Low-cost MLC NAND flash gains in enterprise solid-state storage
New solid-state drives (SSDs) coming onto the market will challenge the notion that only single-level cell (SLC) flash SSDs are fit for true enterprise applications.
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Until recently, the conventional wisdom has been that only SLC has the performance and reliability required for the enterprise, while multi-level cell (MLC) NAND flash is more suited for consumer devices.
However, Fusion-io Inc. is planning a new class of enterprise-class NAND flash that it calls single mode level cell (SMLC) that could give customers faster and lower-cost PCI Express-based solid-state storage to plug directly into their servers. And STEC Inc., which supplies SSDs for most of the major storage array vendors, is sampling what it calls enterprise-ready MLC drives with capacities up to 800 GB to its OEM partners.
Now it's a question of how much performance organizations are willing to trade for the cheaper solid-state drive alternatives.
"The best way to take the cost out of enterprise SSD is to use MLC chips that are two to three times cheaper than SLC," wrote Joseph Unsworth, research director at Stamford, Conn.-based Gartner Inc., in an email interview. "The caveat is that the quality must be good enough to last in the enterprise SSD environment."
Read up on when to recommend solid-state disks.
Fibre Channel switch options for SMBs
SMBs often examine different cost-effective solutions for all of their data storage aspects, including choosing between a Fibre Channel switch or an iSCSI switch. So, which is the better deal for an SMB: an 8-port Fibre Channel (FC) switch for $4,000 or a 24-port iSCSI switch from the same vendor for about the same cost? That was the question faced by St. Cloud Orthopedics Specialist, St. Cloud, Minn.
"In terms of port count, the Fibre Channel switch was three times the cost, but that's not the whole story," said Roger Lund, systems information specialist at St. Cloud Orthopedics Specialist. Whether or not the Fibre Channel switch is a good deal depends on a number of factors ranging from your reasons for opting for FC in the first place to your estimates of storage area network (SAN) traffic.
Since the Fibre Channel switch in question was modular, "we didn't have to buy all the FC ports at once. We bought just one shelf of ports," said Lund.
Read up on optimizing customers' iSCSI SANs with the right Ethernet switch.]
Companies struggle to make time for DR tests
There are two things that are obvious about disaster recovery (DR) testing: everybody with a DR plan should test, and most don't test frequently enough.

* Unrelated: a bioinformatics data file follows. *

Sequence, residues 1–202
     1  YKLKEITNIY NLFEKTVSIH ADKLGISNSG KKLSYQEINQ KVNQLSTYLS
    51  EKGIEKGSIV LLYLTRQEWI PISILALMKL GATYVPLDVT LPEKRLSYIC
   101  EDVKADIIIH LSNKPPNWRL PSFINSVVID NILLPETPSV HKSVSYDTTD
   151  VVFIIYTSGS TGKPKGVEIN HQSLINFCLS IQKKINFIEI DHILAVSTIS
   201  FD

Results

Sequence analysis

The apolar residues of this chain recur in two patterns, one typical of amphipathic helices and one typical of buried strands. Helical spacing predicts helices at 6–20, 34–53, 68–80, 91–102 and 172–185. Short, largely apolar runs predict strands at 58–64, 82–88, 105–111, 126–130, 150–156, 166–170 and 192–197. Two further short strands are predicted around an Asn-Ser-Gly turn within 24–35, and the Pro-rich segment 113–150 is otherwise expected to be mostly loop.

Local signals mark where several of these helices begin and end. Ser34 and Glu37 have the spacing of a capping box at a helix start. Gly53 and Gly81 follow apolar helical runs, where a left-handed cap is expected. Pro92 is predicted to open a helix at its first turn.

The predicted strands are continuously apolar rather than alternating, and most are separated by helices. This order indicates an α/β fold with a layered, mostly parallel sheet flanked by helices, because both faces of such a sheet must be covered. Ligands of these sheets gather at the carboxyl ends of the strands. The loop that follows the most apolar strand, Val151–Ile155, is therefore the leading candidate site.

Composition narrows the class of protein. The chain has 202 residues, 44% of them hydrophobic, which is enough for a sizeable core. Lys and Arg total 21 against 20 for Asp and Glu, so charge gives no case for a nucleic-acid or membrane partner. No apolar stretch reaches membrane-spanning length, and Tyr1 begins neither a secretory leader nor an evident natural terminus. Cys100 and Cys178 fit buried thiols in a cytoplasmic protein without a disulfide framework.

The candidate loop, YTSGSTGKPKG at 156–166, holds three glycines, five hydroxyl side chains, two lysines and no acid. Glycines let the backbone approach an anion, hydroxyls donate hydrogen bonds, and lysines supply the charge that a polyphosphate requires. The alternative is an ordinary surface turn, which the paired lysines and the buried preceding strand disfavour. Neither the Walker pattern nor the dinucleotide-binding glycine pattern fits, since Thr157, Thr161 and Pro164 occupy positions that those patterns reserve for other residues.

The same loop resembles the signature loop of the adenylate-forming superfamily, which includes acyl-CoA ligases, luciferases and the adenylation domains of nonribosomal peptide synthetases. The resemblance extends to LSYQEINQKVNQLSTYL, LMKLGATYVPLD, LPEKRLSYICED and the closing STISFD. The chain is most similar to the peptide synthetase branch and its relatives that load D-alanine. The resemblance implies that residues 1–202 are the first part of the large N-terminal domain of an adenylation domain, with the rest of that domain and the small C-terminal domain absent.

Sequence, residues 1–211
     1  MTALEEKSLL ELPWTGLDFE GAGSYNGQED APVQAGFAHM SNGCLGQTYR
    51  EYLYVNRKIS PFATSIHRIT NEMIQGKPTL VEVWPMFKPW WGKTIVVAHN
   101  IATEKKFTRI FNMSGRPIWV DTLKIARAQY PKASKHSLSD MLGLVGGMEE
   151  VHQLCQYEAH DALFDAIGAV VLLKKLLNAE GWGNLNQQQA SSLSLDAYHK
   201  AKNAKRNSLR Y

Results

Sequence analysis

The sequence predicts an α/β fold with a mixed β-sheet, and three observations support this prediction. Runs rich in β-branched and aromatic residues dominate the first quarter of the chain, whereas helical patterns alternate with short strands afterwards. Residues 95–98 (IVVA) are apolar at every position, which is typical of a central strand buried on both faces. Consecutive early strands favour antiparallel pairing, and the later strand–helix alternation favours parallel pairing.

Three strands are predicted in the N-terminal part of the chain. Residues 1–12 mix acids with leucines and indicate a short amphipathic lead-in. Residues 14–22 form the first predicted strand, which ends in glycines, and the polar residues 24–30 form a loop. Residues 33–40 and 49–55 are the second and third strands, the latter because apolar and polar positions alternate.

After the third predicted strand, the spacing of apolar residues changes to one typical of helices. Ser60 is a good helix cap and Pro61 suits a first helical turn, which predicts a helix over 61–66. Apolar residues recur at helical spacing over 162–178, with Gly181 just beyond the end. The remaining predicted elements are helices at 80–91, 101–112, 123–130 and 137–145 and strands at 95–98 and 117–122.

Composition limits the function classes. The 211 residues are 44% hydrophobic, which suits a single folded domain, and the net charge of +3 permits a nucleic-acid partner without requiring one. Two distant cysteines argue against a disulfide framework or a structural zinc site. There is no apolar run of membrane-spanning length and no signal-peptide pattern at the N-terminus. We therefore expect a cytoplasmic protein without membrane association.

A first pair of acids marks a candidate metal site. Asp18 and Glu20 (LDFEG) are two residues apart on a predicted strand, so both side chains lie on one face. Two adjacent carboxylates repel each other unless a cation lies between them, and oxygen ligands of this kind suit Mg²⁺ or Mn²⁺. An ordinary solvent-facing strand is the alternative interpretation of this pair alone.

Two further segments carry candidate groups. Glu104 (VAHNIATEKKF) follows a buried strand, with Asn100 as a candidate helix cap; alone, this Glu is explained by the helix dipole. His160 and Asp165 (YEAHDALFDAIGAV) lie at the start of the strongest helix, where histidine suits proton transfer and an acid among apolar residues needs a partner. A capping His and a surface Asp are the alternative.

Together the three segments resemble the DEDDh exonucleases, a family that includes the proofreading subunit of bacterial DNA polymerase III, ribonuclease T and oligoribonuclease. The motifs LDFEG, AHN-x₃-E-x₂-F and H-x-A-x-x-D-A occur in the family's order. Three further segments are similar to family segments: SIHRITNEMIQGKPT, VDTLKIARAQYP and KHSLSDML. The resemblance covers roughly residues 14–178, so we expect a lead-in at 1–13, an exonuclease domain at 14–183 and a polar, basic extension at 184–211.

During a time when IT people are often asked to do more with less, full-blown DR testing can fall by the wayside although administrators may target key pieces of their plans.
Surveys make the first point clear. Symantec Corp.'s annual disaster recovery survey this year found 35% of respondents worldwide with a DR plan do not test it more than once a year, and that number is actually a 12% improvement from 2008. Lack of IT staff time was the top reason given for not testing more, with 48% pointing to that. Disruption to employees, budget restraints, and disruption to customers were all mentioned by at least 40% of respondents.
Find out the differences in disaster recovery testing methods.
Tennis Channel doubles down on tape to prevent fault during live coverage
Data protection became critical for Tennis Channel this year as the cable TV channel broadcast all four Grand Slam events live, including the U.S. Open that began this week.
In anticipation of its first live coverage, the network strengthened the reliability and restore capabilities of data backups as well as archiving and disaster recovery when it built a new broadcast facility last year.
Read the rest of this article on data protection at Tennis Channel.
VMworld 2009: VMware and Cisco support distance VMotion
SAN FRANCISCO -- Cisco Systems Inc. and VMware Inc. pledged support for distance VMotion between data centers up to 200 kilometers apart for its joint customers, although that support remains limited to a specific network configuration while the vendors work out remaining data migration kinks.
The two vendors first published a proof of concept of distance VMotion in late June via the blog of VMware's senior technical marketing architect for networking Guy Brunsdon.
If it can achieve practical applicability, distance VMotion has the potential to let customers carry out disaster avoidance plans when hurricanes or other disasters are forecasted rather than waiting until after a failure. It could also enable workload balancing over multiple data centers automatically and easily move applications in and out of internal and external clouds.
At the time of the first proof of concept, Brunsdon wrote that there were several networking and storage challenges between distance VMotion and practical deployment. At this week's conference, VMware and Cisco officials said Cisco's Data Center Interconnect could be used to extend the Layer 2 networking domain between physically separated data centers. This knocks down the chief networking obstacle to making VMotion work over distance, since VMotion requires virtual servers be migrated within the same IP address space.
Read the rest of this article on VMworld 2009.
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